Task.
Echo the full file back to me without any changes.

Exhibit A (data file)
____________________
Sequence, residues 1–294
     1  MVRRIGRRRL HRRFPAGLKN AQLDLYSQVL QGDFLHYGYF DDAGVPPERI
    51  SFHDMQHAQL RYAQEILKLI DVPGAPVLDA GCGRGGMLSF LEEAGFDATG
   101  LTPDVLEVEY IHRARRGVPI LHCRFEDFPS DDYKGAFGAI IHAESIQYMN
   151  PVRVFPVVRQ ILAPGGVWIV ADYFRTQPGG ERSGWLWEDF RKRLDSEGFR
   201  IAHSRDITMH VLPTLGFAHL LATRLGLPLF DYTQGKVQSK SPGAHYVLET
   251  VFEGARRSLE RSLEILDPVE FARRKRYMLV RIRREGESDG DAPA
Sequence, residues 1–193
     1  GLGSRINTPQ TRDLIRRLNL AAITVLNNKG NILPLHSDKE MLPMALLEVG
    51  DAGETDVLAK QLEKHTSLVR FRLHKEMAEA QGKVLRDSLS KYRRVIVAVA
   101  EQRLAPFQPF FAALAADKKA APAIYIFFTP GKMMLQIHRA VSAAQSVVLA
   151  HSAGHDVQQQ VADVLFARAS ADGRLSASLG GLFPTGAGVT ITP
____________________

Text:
Sequence, residues 1–294
     1  MVRRIGRRRL HRRFPAGLKN AQLDLYSQVL QGDFLHYGYF DDAGVPPERI
    51  SFHDMQHAQL RYAQEILKLI DVPGAPVLDA GCGRGGMLSF LEEAGFDATG
   101  LTPDVLEVEY IHRARRGVPI LHCRFEDFPS DDYKGAFGAI IHAESIQYMN
   151  PVRVFPVVRQ ILAPGGVWIV ADYFRTQPGG ERSGWLWEDF RKRLDSEGFR
   201  IAHSRDITMH VLPTLGFAHL LATRLGLPLF DYTQGKVQSK SPGAHYVLET
   251  VFEGARRSLE RSLEILDPVE FARRKRYMLV RIRREGESDG DAPA
Sequence, residues 1–193
     1  GLGSRINTPQ TRDLIRRLNL AAITVLNNKG NILPLHSDKE MLPMALLEVG
    51  DAGETDVLAK QLEKHTSLVR FRLHKEMAEA QGKVLRDSLS KYRRVIVAVA
   101  EQRLAPFQPF FAALAADKKA APAIYIFFTP GKMMLQIHRA VSAAQSVVLA
   151  HSAGHDVQQQ VADVLFARAS ADGRLSASLG GLFPTGAGVT ITP